By Daniel Hunter
UK film and TV companies need to heed corruption and bribery risks in financing and making films abroad, fraud investigators at Ernst & Young have warned.
Ernst & Young’s Fraud Investigation & Disputes Services have warned that the next front for enforcers could be the film industry following a growing trend among studios to work in emerging markets on new productions. There is also a general pressure on countries to raise quotas of imported films.
In the US enforcers have begun to ask questions of studios about potential bribery of foreign officials showing the extent to filmmaking’s exposure to such risks.
The warning follows China’s relaxation on the number of foreign films that can be distributed in the country, while UK filmmakers looking abroad for new opportunities received a funding boost earlier this year.
Ernst & Young has suggested a number of ways that filmmaking can be exposed to corruption and how to avoid risks:
- Control of film distribution by one party, which can be government-owned, can increase the risk of corruption. Filmmakers need to make sure they are not making inappropriate payments to gain access to this market.
- Gift-giving is important in certain cultures, but under some circumstances could be construed as a bribe. Filmmaking also may need access to areas or locations closed to the public which may risk so called ‘facilitation’ payments which are illegal under the Bribery Act. Close attention should be given to avoid making such payments.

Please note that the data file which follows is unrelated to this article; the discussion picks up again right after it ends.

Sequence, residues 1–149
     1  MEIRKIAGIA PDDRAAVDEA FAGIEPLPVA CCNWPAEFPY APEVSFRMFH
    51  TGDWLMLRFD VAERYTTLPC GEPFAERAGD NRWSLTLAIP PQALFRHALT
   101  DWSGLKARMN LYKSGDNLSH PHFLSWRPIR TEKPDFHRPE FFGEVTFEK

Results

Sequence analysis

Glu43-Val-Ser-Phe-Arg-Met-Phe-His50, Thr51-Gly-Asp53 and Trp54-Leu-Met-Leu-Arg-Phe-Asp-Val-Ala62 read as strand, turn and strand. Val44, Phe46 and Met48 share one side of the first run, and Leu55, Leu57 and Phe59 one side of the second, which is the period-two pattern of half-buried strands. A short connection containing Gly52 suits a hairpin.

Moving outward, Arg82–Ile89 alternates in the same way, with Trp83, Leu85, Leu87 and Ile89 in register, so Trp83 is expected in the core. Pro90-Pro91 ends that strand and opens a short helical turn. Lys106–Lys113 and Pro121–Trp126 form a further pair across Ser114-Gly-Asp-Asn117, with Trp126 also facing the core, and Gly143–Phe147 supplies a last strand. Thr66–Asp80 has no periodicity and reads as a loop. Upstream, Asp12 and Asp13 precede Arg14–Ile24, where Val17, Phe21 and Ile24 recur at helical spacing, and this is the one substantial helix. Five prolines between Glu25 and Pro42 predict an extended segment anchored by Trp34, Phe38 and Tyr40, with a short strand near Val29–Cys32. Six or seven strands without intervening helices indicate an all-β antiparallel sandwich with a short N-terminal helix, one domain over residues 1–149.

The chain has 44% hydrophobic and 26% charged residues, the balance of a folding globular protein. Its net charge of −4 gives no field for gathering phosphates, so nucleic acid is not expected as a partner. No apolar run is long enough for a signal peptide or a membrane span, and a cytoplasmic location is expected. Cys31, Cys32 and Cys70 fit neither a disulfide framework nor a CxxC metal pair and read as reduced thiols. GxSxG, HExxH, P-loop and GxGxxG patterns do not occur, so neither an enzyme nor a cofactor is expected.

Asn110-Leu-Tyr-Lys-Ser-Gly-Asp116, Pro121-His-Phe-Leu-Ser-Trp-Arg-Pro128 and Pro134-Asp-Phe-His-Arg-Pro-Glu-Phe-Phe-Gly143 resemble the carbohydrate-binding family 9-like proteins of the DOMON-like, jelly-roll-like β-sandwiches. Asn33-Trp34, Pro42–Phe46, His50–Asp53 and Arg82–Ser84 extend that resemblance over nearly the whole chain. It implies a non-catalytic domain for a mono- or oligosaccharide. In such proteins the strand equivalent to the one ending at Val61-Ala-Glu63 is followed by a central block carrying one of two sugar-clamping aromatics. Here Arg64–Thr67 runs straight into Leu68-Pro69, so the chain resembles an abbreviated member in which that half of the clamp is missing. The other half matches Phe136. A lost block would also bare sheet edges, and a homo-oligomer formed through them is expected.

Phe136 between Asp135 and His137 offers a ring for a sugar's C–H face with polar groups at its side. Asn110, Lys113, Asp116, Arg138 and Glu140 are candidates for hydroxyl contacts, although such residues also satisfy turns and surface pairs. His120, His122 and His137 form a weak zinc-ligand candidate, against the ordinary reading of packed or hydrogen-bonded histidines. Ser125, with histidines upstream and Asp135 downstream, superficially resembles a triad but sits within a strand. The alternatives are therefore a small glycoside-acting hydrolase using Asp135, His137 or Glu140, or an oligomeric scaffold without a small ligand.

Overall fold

- Under the Bribery Act failure to carry out checks on third parties leaves a company open to unlimited fines if it was to have a bribery or corruption problem. Joint ventures and third parties doing business on filmmakers’ behalf should be background checked — film companies need to know who they are dealing with and what relationship they have to the government.
Jonathan Middup, Partner, UK Head of Anti-Bribery and Corruption, said: “Film and TV making is particularly exposed to bribery and corruption risk. Films are shot all over the world and in some cases they are in countries where corruption is commonplace. There is a lot of cash being used and there is a need to get access to areas closed to the public, creating a lot of potential touch points with local governments or even the military.
“Filming on location and gearing up distributor networks in new markets present great opportunities but carry high risks. Businesses in this industry can’t afford to ignore the possibility that bribery and corruption may be happening in their name.”
Mike Rudberg, partner in Ernst & Young’s Media & Entertainment Group, added: “With recent regulatory changes, it is vital companies are aware of their potential risks. While in more regulated industries, such as oil and gas, aerospace and defence, employees have a mindset to fight corruption, it may not yet be ingrained in the entertainment industry, particularly among local operations.”
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